''Iron John,'' ''The Alienist,'' and Sheri Reynolds made news the week of May 16, 1997

· CALL BACK THE MOVERS Monday, April 28, was not a good day for the employees in the New York City office of Addison Wesley Longman. The trade books division, best known for its male-bonding tome, Iron John, had just moved the previous Friday to new digs in Manhattan. But on Monday the company decided to close the brand-new office at the end of May. The firm, which had long divided its offices between New York and Reading, Mass., now plans to publish only in those areas ”in which we have a strong, successful track record,” like business and science, says publisher David Goehring.

· WELCOME TO THE CLUB When Caleb Carr’s first novel, The Alienist, came out in 1994, bidding between the two major book clubs, The Literary Guild and Book-Of-The-Month Club, drove the price all the way up to…$17,000. Last month, when Carr’s second period mystery, The Angel of Darkness, was auctioned, BOMC paid more than $300,000 for the rights. Random House will publish Angel in October.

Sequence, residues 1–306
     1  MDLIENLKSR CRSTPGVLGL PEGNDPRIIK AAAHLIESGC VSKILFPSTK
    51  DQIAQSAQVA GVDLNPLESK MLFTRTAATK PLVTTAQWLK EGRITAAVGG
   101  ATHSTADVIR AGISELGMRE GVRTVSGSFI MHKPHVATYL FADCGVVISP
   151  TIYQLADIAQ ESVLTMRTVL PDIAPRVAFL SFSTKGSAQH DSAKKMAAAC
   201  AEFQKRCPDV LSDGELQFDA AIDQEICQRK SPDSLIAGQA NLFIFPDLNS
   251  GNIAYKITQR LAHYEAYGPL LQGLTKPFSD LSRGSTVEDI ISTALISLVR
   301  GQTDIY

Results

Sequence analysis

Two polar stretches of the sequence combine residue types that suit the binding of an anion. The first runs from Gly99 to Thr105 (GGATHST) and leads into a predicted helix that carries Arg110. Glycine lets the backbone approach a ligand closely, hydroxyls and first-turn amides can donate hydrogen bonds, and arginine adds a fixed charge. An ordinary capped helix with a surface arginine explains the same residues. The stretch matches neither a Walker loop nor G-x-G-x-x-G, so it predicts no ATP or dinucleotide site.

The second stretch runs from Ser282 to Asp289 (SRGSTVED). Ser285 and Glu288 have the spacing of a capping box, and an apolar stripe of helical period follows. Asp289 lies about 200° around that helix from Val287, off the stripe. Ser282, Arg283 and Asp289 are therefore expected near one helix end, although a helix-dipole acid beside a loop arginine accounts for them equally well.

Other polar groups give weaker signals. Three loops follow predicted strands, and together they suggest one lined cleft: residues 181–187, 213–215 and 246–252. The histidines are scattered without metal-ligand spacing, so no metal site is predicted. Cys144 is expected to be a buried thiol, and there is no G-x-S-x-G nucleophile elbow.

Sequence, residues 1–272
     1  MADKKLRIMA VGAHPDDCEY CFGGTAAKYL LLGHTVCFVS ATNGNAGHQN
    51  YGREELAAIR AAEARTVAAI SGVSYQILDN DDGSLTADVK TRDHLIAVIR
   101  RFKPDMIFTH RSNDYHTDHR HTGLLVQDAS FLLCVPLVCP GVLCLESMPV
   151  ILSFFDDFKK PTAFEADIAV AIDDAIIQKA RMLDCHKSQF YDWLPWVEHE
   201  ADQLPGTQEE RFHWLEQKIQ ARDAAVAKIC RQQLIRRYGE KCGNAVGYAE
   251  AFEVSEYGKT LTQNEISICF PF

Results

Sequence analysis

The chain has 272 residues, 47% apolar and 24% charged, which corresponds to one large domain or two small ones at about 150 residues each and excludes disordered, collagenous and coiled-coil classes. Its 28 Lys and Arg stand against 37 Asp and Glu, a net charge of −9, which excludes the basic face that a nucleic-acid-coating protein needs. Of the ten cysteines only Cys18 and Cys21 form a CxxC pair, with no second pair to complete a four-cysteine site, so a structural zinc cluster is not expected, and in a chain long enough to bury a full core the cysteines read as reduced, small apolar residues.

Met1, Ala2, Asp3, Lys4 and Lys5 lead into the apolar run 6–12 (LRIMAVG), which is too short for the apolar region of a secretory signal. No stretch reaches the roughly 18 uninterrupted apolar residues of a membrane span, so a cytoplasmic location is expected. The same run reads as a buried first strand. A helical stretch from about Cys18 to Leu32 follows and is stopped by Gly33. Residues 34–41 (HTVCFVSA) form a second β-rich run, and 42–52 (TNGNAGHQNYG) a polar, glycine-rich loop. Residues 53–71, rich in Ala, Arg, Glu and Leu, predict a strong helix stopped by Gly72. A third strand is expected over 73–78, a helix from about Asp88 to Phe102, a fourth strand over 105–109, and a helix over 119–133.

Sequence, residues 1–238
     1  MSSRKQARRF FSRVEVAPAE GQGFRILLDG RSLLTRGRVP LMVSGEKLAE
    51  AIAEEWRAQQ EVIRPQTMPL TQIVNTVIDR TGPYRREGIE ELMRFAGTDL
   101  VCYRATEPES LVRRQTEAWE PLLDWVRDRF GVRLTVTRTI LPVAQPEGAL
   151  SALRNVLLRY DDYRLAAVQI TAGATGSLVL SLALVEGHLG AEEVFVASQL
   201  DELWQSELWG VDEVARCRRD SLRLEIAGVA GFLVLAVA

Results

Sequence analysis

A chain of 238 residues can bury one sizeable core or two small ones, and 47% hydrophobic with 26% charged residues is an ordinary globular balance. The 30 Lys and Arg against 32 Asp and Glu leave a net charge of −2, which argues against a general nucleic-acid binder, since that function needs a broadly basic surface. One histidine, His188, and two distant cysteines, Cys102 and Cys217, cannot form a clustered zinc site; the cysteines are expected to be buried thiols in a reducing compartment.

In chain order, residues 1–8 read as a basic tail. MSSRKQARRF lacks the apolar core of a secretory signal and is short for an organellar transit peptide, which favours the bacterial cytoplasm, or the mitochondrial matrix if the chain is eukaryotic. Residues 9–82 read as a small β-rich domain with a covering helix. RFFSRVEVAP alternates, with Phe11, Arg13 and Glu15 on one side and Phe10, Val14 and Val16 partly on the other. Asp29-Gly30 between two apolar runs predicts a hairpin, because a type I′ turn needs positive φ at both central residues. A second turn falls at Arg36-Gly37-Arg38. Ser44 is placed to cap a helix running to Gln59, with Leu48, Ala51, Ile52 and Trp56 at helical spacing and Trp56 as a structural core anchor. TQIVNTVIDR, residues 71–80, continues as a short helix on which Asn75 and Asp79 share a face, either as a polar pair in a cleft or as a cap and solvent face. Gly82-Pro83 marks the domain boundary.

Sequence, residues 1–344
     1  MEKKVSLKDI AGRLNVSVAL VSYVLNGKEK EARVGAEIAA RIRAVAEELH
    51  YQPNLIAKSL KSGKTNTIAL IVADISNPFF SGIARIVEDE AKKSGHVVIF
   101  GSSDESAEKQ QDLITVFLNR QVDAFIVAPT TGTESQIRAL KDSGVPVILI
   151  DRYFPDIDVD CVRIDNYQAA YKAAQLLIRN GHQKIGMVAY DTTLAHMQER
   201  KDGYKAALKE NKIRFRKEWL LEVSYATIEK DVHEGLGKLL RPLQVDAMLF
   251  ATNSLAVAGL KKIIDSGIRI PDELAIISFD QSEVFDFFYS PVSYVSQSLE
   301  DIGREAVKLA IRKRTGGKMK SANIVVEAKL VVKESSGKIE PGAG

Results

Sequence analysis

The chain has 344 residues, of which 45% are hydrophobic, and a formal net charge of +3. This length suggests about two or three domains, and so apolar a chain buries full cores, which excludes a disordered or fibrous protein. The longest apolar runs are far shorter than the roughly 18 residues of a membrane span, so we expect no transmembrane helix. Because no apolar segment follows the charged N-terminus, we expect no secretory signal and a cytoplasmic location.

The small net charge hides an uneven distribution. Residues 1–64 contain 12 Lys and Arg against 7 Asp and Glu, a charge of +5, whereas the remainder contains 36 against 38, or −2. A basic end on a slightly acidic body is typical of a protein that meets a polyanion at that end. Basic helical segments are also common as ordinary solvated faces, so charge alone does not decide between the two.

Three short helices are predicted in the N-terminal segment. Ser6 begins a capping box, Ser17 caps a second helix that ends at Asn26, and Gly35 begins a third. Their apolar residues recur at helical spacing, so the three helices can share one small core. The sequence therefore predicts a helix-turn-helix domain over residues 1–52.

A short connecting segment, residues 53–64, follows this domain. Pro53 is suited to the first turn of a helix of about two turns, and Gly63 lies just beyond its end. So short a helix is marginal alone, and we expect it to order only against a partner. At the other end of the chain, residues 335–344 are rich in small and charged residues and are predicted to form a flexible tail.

· PLENTY OF BIDDING When Oprah Winfrey chose The Rapture of Canaan to be this month’s selection of her Book Club, she immediately and predictably turned Sheri Reynolds into a best-selling author. And the announcement couldn’t have been better timed: The 29-year-old novelist was in the midst of selling her next book, A Gracious Plenty, about a disfigured middle-aged woman who communes with the dead. Putnam, Reynolds’ publisher, had already turned the new novel down because of Canaan‘s initially poor sales. Only Harmony Books’ executive editor, Shaye Areheart, had made an enthusiastic offer for Plenty. But thanks to the Oprah pick, seven publishing houses then got into the action, bidding the price up into the mid-six figures. Reynolds, however, chose to stay with Harmony, whose final offer, reportedly $200,000, was more than $300,000 below the top bid. Gracious Plenty will be a kind of test case, since no one yet knows if Oprah’s marketing power extends to an author’s follow-up book. Areheart plans a 300,000-copy first printing in September.